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At least it wasn't dull! Eamonn Holmes shoots back at critics after he's accused of 'smug' Jeremy Corbyn interview


Eamonn Holmes interviewing Jeremy Corbyn yesterday

Eamonn Holmes interviewing Jeremy Corbyn yesterday

Eamonn Holmes

Eamonn Holmes

Jeremy Corbyn

Jeremy Corbyn



Eamonn Holmes interviewing Jeremy Corbyn yesterday

Eamonn Holmes remains unrepentant over his controversial Sky News interview with Labour leader Jeremy Corbyn yesterday, despite a huge backlash on social media.

Critics on Twitter accused the Belfast-born anchor of dumbing down political debate by using football analogies in questions about Mr Corbyn's leadership style, and by asking him about his tie.

"I knew there'd be a very well organised internet response, but that doesn't intimidate me," Eamonn said yesterday during a interview for our Saturday paper.

"I did a really good interview with Jeremy Corbyn today - I didn't ask the questions the PRs want and I know I'll be called a disgrace to journalism, asking about the tie and so on, but I know what my strengths are and I know Corbyn was happy with it. I'm fed up with PRs dictating the agenda."

Interviewed by satellite from the Labour Party conference in Brighton, Mr Corbyn deflected a number of questions and seemed bemused at some of the interjections made by 55-year-old Holmes, who was evidently frustrated with the Labour leader.

"People will say I'm sucking up to you or being soft, but people will say your outlook is a bit hippy," Holmes said on air. "Why don't you just admit you hate the Tories?"

The conversation then moved on to the colour of the Labour leader's ties, and later Holmes compared Mr Corbyn to former Manchester United manager Sir Alex Ferguson.

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Asked for his opinion of Mr Corbyn, Eamonn told the Belfast Telegraph: "I think he's an amazing breath of fresh air and I hope he shakes the system up, but he's just telling people what they want to hear.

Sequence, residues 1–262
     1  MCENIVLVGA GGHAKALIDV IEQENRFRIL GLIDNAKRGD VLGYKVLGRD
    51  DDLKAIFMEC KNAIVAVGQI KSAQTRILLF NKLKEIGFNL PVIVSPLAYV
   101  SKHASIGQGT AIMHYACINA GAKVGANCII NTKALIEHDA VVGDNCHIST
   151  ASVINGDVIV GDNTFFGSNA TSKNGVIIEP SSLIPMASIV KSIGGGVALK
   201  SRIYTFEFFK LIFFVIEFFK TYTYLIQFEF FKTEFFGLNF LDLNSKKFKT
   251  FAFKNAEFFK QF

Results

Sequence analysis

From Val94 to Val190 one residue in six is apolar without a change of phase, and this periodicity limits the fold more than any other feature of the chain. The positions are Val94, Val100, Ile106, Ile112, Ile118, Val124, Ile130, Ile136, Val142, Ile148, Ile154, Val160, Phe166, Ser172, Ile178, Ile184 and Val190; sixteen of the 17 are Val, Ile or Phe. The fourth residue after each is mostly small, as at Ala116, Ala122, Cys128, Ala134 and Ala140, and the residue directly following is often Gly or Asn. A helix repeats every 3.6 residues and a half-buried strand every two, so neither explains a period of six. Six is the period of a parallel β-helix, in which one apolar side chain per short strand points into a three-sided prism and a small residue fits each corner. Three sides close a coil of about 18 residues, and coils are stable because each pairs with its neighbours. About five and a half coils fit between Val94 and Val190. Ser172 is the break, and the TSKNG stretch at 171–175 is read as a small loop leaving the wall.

"You're not going to disagree with him on hospital waiting lists and the homeless and so on. It's a different matter when someone says 'but here's the bill', unless he can get the taxes."

Many Twitter users and supporters of Mr Corbyn criticised the presenter's approach, calling him smug, patronising and rude.

However, there was also some support for the newsman on social media, with some pointing out he was simply doing his job.

"Don't listen to them Eamonn! Love your style of questioning on Sky News," wrote one fan.

Another said: "Go for it Eamonn! Getting serious, gave Corbyn the raised eyebrow. Can always rely on your fairness. Everyone gets a grilling."

Currently celebrating 35 years in broadcast journalism, Eamonn reiterated that he had no regrets about the interview.

"I treat all politicians with some cynicism," he said. "At the end of the day, the system won't allow anything to happen. I don't vote and nobody can say they know what my politics are because I don't know myself. It's my job to put the opposite side of the coin to the politicians and make the interview interesting. I can't understand why anyone wouldn't prefer that to something dull."

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